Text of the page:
PBS on Thursday quickly responded to President Donald Trump's newly unveiled $1.15 trillion budget, a far-reaching overhaul of federal government spending that slashes many domestic programs - including federal funding for public broadcasting - to finance a significant increase in the military and make a down payment on a U.S.-Mexico border wall.
Other arts organizations like The Sundance Institute and The Recording Academy also raised objections to the budget plan Trump proposed that - in addition to eliminating the Corporation for Public Broadcasting, which provides funding for PBS and National Public Radio stations - also proposed doing away with funding for the National Endowment for the Arts and the National Endowment for the Humanities.
The Hollywood unions that represent actors, directors, writers and other crew and craftsmen also all joined together to issue a joint statement urging lawmakers to preserve funding for PBS, NEA and NEH. The Directors Guild of America, SAG-AFTRA, the Writers Guild of America West and East and IATSE said that they "urge our nation's leaders to preserve funding for the National Endowment for the Arts and Humanities and the Corporation for Public Broadcasting. As a source of inspiration, action and economic growth our country's arts are integral to our culture, our American identity and our democracy. Access to the arts has fueled generations of great Americans, uplifted communities and helped heal our nation's great divides. Cutting federal support of these programs will not only hurt artists and those who benefit from their work. It will also send a damaging message to future generations about the power of art and its place in our culture."
In response to the proposed PBS cut, PBS president and CEO Paula Kerger argued that the cost of public broadcasting is small, especially compared with its benefits. The cost of public broadcasting amounts to $1.35 per citizen, per year, which is "less than a cup of coffee," Kerger told The Hollywood Reporter.
PBS encompasses nearly 350 member stations and has strong support among Republican and Democratic voters. Kerger noted that the "benefits are tangible: increasing school readiness for kids 2-8, support for teachers and homeschoolers, lifelong learning, public safety communications and civil discourse."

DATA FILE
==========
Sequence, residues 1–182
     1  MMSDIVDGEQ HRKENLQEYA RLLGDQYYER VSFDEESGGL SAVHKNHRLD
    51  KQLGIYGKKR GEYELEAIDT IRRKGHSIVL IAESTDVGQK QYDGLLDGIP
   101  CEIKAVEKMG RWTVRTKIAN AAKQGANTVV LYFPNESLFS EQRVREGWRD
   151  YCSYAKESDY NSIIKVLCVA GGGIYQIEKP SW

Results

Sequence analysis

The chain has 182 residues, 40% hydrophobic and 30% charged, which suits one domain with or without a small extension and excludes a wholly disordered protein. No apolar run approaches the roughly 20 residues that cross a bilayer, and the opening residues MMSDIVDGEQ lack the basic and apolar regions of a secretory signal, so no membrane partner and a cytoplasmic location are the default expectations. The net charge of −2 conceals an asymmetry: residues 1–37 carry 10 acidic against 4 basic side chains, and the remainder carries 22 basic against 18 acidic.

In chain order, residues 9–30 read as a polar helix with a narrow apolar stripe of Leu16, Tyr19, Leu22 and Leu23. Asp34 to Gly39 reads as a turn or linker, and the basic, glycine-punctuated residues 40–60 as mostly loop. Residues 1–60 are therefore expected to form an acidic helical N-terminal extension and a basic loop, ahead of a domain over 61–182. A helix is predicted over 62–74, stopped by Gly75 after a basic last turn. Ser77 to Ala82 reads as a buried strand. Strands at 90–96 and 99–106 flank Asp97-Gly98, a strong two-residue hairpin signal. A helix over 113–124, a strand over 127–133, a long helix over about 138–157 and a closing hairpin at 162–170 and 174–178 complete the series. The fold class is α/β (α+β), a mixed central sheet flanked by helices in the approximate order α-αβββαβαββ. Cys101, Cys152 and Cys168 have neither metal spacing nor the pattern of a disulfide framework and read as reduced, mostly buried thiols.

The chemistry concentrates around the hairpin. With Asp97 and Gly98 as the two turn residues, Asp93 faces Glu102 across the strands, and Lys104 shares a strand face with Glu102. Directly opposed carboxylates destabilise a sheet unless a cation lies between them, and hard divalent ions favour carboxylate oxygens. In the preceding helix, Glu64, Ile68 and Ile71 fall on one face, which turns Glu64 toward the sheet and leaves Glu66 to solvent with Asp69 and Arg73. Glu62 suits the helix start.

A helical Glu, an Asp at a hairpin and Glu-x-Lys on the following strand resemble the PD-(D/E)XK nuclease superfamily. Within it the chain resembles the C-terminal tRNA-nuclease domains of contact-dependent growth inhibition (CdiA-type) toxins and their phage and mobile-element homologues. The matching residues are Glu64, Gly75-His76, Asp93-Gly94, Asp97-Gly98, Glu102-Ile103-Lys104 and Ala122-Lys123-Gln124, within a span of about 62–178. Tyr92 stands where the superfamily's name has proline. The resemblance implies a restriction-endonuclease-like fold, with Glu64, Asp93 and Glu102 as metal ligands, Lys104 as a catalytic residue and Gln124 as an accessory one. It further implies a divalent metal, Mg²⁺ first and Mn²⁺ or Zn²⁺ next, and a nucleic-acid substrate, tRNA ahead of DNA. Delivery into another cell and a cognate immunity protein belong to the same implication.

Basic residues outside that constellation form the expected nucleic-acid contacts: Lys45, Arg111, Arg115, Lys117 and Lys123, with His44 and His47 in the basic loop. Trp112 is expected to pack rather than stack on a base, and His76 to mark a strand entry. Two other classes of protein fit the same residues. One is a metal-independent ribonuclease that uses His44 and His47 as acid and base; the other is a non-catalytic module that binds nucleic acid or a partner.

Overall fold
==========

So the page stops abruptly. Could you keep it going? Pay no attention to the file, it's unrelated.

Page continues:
PBS also cited a Rasmussen Reports survey that found only 21 percent of Americans are in favor of ending taxpayer funding for public broadcasting. Another recent survey, the PBS Hart Research-American Viewpoint poll, found that 73 percent of voters are opposed to ending federal funding for public television.
The CPB was on the chopping block in the previous Republican administration of George W. Bush, and GOP aspirant Mitt Romney made headlines during a 2012 presidential debate (moderated by public broadcasting icon Jim Lehrer) when he said while he "love[s] Big Bird," he would still eliminate funding for PBS.
Kerger expressed frustration that the CPB and PBS are once again being used as a political football. "It is a puzzle to find us in this mess again, and the only thing that is giving me some solace today is to know where we sit in the minds of the American public," she said.
The American public, continued Kerger, "understand that these are tough times, that Congress has to make difficult decisions. But more than 70 percent of those who voted for President Trump said they wanted Congress to find the savings elsewhere. The fact that we've been zeroed out and that we've been called out so specifically is something that is hard to get my head around."
Kerger predicted a long and difficult road ahead, and predicts that public support from constituents may be the only thing that saves critical funding for PBS. "My hope is - as has been the case in prior times when we've been under assault - that people will reach out to their legislatures," she said.
Sesame Workshop, the nonprofit educational organization behind Sesame Street, also issued a statement Thursday afternoon.